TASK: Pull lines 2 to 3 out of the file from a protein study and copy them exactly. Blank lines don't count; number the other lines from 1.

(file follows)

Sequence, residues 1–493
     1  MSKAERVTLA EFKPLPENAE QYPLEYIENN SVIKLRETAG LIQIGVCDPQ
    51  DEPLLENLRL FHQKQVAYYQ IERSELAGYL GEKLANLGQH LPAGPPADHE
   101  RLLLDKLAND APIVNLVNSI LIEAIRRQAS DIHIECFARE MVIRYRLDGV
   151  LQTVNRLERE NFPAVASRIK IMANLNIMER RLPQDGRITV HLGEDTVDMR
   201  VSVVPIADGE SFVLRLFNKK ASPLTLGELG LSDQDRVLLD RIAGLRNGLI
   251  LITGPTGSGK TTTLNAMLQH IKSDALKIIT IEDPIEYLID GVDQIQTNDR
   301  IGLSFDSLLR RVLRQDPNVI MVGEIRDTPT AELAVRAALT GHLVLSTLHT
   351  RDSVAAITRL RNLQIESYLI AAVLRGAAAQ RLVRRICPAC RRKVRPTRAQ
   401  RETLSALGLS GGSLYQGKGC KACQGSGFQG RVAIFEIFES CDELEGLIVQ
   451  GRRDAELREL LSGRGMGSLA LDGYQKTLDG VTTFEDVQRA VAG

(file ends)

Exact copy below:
     1  MSKAERVTLA EFKPLPENAE QYPLEYIENN SVIKLRETAG LIQIGVCDPQ
    51  DEPLLENLRL FHQKQVAYYQ IERSELAGYL GEKLANLGQH LPAGPPADHE